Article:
Over Here, Over There
Lost in the hoopla over last week's groundbreaking for the Bank One Ballpark was the steady rise in the cost of the domed stadium. A November 1 budget report puts the stadium's price tag at $292 million, up from a $279million estimate in June 1994.
Revisions in concession-stand design increased costs by more than $5 million, and further hikes in concession-related expenses are likely, the stadium district says.
Taxpayers are on the hook for the first $253 million of construction expenses--$238 million of that coming from a quarter-cent sales tax, $15 million from a county loan to the Arizona DiamondBanks. The balance of stadium costs are supposed to be paid by the DiamondBanks.
But already there are indications that the DiamondBanks are trying to pass on cost overruns to the county, including $1.1 million in higher-than-expected overhead for the stadium district--overhead that is supposed to be paid by the team.
The overall price tag of the stadium seems certain to rise further; the latest cost estimate was made even before the dome's foundation had been poured. An example of unforeseen expense: The DiamondBanks got bad news last week, one source says, when the low bid for the foundation and steel framework came in $8million over budget.
The project faces a tight schedule if it is to be completed by April 1998; delays will only force DiamondBanks managing partner Jerry Colangelo to dig deeper into his pocket.
Jerry should be able to come up with the money, though. Last week, ESPN's inestimable baseball analyst, Peter Gammons, reported what New Times disclosed in August: Soon after they begin play, the DiamondBanks are expected to be one of the richest franchises in Major League Baseball.
County taxpayers will no doubt swell with pride, knowing their subsidies helped!
$10 Million Man?
Paul Johnson, ex-Phoenix mayor and gubernatorial candidate, sees the information superhighway as his route to riches. Johnson and a brother have founded Comsites, a subsidiary to their construction company that will manage transmitter locations for high-tech companies sending signals through the air.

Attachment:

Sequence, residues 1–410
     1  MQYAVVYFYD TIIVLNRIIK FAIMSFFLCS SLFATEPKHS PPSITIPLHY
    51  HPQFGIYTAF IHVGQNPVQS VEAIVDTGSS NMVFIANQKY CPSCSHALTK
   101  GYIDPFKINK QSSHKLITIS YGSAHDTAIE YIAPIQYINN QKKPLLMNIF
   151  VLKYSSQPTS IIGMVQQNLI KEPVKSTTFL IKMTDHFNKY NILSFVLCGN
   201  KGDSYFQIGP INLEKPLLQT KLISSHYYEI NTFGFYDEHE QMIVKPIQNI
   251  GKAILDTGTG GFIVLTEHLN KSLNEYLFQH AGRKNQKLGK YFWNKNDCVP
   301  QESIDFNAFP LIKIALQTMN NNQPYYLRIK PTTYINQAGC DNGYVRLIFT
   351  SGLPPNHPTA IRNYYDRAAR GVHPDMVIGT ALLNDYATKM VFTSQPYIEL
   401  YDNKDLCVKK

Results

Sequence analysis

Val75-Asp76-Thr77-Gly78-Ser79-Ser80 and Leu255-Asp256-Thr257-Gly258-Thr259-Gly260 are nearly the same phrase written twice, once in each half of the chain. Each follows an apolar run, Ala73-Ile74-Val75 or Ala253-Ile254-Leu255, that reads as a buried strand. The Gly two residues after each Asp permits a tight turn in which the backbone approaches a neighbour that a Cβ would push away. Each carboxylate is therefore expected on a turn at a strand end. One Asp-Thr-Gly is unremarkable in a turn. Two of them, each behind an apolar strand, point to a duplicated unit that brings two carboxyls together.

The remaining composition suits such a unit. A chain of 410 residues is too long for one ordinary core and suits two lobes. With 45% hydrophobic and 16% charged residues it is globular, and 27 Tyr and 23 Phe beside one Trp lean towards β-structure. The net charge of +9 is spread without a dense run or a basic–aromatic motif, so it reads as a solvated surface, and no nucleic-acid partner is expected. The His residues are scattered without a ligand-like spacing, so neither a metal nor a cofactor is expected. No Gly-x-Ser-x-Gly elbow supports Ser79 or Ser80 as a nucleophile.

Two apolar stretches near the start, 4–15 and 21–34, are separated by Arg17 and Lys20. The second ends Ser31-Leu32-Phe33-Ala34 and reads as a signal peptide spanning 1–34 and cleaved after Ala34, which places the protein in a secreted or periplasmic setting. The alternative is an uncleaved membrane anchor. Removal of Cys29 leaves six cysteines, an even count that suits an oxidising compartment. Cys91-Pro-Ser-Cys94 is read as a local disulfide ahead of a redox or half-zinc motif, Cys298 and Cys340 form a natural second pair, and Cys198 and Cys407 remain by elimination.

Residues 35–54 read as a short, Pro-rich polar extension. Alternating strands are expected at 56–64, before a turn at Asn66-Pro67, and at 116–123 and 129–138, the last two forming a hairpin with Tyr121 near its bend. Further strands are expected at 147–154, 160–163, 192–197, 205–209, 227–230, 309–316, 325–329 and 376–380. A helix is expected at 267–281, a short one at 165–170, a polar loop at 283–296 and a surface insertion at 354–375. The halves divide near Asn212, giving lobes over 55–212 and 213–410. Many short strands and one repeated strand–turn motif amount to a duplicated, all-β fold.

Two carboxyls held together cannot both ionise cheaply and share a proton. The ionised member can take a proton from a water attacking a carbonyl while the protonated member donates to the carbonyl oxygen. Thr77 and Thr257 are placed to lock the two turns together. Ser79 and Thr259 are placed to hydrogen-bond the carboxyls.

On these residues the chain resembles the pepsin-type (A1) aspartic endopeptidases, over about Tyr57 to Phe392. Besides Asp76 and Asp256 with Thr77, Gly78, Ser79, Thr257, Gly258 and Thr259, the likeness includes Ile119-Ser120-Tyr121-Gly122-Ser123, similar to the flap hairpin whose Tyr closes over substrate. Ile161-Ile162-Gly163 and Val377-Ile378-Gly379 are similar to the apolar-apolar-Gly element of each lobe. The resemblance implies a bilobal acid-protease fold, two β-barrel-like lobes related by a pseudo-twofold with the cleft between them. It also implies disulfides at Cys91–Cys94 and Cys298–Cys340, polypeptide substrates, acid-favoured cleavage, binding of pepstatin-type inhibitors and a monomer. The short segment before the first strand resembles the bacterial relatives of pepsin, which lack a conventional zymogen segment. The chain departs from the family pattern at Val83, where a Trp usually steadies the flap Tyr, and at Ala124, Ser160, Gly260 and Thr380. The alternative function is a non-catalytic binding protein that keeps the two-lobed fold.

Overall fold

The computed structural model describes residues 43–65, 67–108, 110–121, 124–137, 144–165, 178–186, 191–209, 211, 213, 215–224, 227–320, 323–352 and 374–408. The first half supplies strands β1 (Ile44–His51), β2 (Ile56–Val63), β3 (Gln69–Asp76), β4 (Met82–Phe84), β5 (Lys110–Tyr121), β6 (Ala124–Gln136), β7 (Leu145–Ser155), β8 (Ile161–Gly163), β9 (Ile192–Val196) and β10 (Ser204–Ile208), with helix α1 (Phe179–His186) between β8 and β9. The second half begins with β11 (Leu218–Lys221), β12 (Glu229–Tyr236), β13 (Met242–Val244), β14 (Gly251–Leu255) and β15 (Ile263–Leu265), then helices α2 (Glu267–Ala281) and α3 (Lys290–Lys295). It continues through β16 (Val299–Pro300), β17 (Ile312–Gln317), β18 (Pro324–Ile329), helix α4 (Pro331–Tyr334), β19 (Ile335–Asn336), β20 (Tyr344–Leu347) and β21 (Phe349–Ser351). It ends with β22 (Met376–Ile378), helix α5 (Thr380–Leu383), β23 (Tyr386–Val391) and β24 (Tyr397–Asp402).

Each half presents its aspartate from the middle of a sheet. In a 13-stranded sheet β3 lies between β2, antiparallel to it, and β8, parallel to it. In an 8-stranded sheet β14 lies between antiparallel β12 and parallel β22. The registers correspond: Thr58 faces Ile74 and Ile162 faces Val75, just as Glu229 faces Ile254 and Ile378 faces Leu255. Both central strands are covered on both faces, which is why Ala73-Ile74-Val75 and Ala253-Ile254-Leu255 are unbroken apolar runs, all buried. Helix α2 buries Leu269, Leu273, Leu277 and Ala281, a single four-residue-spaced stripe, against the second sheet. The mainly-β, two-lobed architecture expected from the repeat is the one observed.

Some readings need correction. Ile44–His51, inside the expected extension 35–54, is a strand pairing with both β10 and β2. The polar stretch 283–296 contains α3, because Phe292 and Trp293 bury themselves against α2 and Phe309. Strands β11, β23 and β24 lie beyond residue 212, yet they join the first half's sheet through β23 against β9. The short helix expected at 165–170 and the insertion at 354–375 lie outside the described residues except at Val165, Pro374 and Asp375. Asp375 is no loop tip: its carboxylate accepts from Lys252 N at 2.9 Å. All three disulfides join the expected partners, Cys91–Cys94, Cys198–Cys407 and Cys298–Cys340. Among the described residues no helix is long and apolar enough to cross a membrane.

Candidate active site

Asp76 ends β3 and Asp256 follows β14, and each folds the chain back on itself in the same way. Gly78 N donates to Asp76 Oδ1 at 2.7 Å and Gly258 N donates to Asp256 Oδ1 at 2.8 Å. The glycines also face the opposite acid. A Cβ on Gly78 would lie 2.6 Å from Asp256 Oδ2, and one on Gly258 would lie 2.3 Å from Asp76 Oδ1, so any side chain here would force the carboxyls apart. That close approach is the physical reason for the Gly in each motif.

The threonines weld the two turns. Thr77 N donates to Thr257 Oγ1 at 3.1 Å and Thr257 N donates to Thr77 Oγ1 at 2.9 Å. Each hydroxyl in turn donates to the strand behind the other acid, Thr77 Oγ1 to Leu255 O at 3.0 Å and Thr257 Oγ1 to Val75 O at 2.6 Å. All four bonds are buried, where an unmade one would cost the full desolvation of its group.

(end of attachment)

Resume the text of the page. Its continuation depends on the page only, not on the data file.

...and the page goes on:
Most of the sites are located atop buildings. Comsites will find a company--Sprint, say--somewhere to place a transmitter, then make lease arrangements with the property owner. Comsites already represents 700 property owners and hopes to cut its first deal with a communications service soon, Johnson says.
When he isn't hustling the airwaves, Johnson, who resigned as Phoenix's mayor to make an unsuccessful bid for the Democratic gubernatorial nomination in 1994, spends time at his Stardust Foundation, a group that advocates children's issues and school reform.
"I don't think I'll ever get out of community service," Johnson says. "It would be impossible for me to walk away from it. Unfortunately, I have to feed my family as well."
Which leads us to the rumor that Johnson wants to make $10 million in ten years, then return to politics. He doesn't deny yearning for financial security.
"Making $10 million is an ambitious number. Is it in the cards? I don't know," he says.
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